At the University of Michigan Health System in Ann Arbor, Mich., Associate PR Rep Jessica Soulliere says they’re already producing external podcasts about health and research news (which employees listen to and enjoy) and are planning to introduce an internal podcast soon. “We are going to redesign our intranet to incorporate podcasts that will contain leadership messages, speeches and information on topics such as planning for disasters like a pandemic.”
How does an organization benefit from an internal podcast?
At Sedgwick, employees have been inspired by the company podcast. “One colleague said she quit smoking after hearing our Great American Smoke-out interview with a representative from the American Cancer Society,” says Hagood. “Overall, we get very good feedback from employees. Some comment on almost every show.” Mast adds: “People are very busy here. A podcast is a good way to reach them.”
Perhaps Nycomed’s podcast – and the employee engagement it encourages – has contributed to that company’s inclusion on the list of “Canada’s Top 100 Employers” in Maclean’s magazine.
Podcasts are cost-effective too. An internal communications initiative at one global high-tech firm – switching from conference calls to podcasts –saved the company more than $200,000 per year on its phone bill. In addition, staff in Asia no longer have rise at an ungodly hour to dial in. Instead, thousands of employees across the world can time-shift and even place-shift
their listening to an hour and location that’s convenient for them.
How do you measure success?
You can track the number of downloads of your MP3 file and visits to your podcast page. More importantly, you may recognize increased employee engagement and better rapport between management and staff. At Sedgwick, Mast says: “We’ll keep podcasting until someone tells us to stop. Both employees and leadership consider the podcast a success.”
Tam at Nycomed is equally delighted: “People now know more about what’s happening in the company. We receive emails from employees asking questions that I know they wouldn’t have asked before we started the podcast.”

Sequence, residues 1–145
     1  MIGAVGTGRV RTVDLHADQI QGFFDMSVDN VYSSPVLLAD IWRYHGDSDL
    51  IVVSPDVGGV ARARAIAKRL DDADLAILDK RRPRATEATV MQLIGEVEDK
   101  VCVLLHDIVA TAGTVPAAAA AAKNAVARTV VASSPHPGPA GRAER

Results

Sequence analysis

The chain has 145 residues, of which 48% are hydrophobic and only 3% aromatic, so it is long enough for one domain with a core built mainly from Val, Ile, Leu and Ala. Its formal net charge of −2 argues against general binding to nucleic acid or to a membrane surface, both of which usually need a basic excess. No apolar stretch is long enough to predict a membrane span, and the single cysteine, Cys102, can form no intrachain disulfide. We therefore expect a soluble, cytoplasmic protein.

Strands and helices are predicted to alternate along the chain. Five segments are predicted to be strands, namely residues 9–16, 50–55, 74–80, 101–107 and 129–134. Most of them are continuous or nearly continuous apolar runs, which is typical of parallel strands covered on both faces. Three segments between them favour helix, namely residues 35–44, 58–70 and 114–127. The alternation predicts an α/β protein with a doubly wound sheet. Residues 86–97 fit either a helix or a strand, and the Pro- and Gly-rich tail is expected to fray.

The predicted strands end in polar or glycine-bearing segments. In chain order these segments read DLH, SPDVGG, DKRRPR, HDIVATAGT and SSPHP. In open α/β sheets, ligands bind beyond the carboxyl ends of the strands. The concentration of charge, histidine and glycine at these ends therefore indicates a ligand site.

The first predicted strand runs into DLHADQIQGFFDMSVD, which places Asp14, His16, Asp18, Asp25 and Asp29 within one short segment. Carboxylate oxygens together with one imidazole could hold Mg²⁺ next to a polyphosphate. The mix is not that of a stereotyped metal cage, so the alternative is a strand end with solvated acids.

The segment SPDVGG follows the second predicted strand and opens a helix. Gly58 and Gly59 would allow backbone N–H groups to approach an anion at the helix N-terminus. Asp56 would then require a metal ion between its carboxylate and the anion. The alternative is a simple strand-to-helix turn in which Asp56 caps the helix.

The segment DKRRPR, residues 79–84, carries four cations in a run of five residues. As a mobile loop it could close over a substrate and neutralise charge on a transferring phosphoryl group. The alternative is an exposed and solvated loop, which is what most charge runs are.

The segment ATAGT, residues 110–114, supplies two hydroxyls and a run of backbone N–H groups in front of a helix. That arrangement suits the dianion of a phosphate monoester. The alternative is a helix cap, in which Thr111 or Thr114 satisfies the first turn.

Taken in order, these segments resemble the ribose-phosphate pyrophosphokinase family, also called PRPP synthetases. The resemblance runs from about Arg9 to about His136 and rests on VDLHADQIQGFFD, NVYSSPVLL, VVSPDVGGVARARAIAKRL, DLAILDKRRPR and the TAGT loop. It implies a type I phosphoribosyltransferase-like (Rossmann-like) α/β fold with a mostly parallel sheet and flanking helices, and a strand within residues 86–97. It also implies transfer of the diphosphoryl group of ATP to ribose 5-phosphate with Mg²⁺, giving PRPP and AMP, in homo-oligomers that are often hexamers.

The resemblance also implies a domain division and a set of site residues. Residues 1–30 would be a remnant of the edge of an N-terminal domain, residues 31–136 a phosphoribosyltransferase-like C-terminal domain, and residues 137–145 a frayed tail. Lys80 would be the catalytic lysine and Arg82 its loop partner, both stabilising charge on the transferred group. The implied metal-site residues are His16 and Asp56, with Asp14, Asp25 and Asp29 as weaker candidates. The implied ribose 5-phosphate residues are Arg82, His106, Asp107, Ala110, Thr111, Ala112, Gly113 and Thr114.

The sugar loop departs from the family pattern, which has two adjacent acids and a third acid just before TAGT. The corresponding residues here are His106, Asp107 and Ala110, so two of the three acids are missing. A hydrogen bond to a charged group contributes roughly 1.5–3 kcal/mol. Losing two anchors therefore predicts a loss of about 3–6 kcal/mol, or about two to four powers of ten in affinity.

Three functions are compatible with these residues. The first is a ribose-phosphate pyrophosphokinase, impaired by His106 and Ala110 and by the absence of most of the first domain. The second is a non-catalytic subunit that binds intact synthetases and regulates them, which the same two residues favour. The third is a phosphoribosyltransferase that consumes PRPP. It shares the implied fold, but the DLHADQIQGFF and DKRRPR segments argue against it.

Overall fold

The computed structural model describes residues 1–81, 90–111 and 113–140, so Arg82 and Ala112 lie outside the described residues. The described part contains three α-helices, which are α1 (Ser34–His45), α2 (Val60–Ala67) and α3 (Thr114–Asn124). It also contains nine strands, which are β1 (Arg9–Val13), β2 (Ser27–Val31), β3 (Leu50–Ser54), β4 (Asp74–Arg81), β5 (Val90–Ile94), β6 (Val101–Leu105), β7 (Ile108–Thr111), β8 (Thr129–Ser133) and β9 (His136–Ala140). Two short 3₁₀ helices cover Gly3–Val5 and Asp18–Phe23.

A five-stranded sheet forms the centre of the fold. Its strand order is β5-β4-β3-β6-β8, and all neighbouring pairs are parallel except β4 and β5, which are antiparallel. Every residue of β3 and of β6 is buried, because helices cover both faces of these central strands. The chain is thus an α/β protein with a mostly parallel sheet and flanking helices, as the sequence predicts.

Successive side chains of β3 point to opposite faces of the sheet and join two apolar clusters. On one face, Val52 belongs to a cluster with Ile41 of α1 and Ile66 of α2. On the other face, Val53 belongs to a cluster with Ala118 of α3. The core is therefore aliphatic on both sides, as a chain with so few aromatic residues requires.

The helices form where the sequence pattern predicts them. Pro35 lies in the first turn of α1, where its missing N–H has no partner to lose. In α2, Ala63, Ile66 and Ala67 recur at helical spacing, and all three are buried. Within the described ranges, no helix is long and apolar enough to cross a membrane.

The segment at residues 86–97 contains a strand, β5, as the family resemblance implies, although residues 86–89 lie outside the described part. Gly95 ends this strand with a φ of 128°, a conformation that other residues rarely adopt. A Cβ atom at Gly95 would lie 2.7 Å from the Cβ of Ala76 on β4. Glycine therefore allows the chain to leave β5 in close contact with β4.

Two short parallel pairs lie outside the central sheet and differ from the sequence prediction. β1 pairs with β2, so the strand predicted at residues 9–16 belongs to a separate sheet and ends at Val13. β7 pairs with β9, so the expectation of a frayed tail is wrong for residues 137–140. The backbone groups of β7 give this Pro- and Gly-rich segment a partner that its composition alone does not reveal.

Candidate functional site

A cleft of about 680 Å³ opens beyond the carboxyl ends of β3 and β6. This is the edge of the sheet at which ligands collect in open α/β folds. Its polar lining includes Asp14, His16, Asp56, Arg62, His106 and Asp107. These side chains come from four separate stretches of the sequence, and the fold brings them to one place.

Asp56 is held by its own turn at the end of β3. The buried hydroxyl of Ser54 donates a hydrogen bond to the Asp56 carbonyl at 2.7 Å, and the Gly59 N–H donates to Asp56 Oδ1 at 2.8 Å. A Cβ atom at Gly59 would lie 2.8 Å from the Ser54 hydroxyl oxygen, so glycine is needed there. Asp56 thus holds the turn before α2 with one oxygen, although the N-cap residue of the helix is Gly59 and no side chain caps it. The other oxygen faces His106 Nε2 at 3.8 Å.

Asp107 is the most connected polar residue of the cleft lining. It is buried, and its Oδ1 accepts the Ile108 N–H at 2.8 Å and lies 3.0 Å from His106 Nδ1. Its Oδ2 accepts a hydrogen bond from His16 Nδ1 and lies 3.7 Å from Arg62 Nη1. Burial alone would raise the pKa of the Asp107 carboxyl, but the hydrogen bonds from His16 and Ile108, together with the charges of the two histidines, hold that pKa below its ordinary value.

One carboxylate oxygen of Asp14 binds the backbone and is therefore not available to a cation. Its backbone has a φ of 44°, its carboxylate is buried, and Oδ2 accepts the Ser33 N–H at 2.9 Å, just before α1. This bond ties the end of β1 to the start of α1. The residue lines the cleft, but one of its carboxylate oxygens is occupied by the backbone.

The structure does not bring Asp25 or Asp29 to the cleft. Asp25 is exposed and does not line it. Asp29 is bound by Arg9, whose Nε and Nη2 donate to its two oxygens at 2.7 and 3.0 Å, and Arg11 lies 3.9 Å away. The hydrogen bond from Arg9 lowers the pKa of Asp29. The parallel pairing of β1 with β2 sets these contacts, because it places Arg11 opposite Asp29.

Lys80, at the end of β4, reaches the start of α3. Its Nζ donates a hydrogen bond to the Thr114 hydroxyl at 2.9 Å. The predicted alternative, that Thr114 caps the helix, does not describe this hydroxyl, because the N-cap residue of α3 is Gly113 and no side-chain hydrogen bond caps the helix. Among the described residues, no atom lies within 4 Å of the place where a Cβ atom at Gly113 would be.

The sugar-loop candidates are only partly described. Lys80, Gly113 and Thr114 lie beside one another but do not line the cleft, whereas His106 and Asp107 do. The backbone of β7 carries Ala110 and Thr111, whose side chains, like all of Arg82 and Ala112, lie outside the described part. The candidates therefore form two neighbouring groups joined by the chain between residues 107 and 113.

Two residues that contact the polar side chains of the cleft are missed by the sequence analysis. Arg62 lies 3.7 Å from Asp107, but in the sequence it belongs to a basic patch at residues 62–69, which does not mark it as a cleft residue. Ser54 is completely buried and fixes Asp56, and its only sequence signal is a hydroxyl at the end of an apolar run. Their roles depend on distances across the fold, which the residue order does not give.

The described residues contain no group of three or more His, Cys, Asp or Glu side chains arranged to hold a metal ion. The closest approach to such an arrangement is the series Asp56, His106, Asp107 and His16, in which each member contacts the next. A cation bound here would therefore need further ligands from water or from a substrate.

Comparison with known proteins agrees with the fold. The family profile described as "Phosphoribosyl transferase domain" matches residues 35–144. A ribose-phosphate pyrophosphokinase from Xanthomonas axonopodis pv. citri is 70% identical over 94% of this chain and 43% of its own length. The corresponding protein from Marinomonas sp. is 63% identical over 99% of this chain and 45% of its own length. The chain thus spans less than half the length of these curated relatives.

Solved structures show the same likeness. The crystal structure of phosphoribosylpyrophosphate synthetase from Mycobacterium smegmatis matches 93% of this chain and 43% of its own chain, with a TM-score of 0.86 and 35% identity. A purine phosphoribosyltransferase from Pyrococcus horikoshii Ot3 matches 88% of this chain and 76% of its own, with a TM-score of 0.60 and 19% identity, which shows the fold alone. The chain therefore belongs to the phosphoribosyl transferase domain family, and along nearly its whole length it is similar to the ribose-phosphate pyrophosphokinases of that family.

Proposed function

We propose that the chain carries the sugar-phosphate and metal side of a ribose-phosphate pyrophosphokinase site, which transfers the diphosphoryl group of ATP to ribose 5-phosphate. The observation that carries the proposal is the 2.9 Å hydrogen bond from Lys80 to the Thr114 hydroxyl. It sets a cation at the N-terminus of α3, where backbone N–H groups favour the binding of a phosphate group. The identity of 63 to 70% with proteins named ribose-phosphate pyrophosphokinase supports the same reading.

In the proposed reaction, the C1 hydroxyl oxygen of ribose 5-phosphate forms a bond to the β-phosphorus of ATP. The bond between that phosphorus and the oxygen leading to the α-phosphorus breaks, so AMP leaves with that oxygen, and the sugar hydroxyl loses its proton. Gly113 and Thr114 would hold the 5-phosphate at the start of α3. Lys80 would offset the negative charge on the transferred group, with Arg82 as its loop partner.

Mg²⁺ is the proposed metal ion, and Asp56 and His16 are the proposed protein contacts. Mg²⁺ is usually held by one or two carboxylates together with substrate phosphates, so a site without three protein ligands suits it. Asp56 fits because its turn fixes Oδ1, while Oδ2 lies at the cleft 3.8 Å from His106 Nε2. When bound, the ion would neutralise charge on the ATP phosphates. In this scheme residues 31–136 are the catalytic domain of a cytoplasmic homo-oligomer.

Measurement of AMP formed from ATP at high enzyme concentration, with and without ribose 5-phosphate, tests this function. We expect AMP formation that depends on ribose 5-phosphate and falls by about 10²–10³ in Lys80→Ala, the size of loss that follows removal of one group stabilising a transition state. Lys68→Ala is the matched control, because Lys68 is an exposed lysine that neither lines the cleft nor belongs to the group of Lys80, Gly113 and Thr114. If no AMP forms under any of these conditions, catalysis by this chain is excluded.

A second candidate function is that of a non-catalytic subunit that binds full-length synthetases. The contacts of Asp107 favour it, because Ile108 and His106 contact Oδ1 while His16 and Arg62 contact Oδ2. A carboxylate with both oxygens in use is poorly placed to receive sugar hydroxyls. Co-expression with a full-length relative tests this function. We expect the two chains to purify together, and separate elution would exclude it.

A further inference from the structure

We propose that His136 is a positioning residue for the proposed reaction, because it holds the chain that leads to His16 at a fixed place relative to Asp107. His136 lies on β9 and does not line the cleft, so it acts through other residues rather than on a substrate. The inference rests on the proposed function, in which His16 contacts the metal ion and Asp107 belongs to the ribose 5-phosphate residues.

How is a podcast made?
You can create a basic podcast with an inexpensive headset microphone, free audio-editing software (such as Audacity) and your computer. You’ll also need a server on which to store the MP3 files, plus a feed to distribute the podcast. The easiest way to create a feed is a blog. Serious podcasters often invest in higher-end equipment, but the technique for creating a podcast is the same. Some organizations handle their own recording and editing; others outsource this job.
Overall, the technology is secondary. Podcasters like to say, “Content is king,” and it’s true. When planning your podcast, you have to decide how to best meet the needs of your audience. Should you try a talk-show format, a more casual conversation between two co-hosts, a comment-driven show or a simple audio address from the CEO? You also need to decide on a publication frequency. Weekly? Monthly? Perhaps you can produce a series of five or 10 episodes. It’s up to you.
So what are you waiting for?
Here’s some advice before you start your podcast:
- Take a workshop, read a podcasting book or hire an expert to introduce you to the podcasting
- techniques and technologies you’ll need to learn.
- Map out a strategy; define your goal and your audience.
- Plan the topics of your first 10 shows.
- Be sure to invite listener comments – and pay heed to them.
- Make friends with the IT department and be sure they understand what you’re doing.
- Keep podcasting. You’ll get better each time.
A few ideas for internal podcast topics and techniques
- Peers interviewing peers
- Interviews with leaders
- Communicating benefits information
- Replacing the conference call and old-school audio tapes
- Education and training
- Recordings during or before conferences and symposia
- Helping geographically dispersed employees keep in touch with head office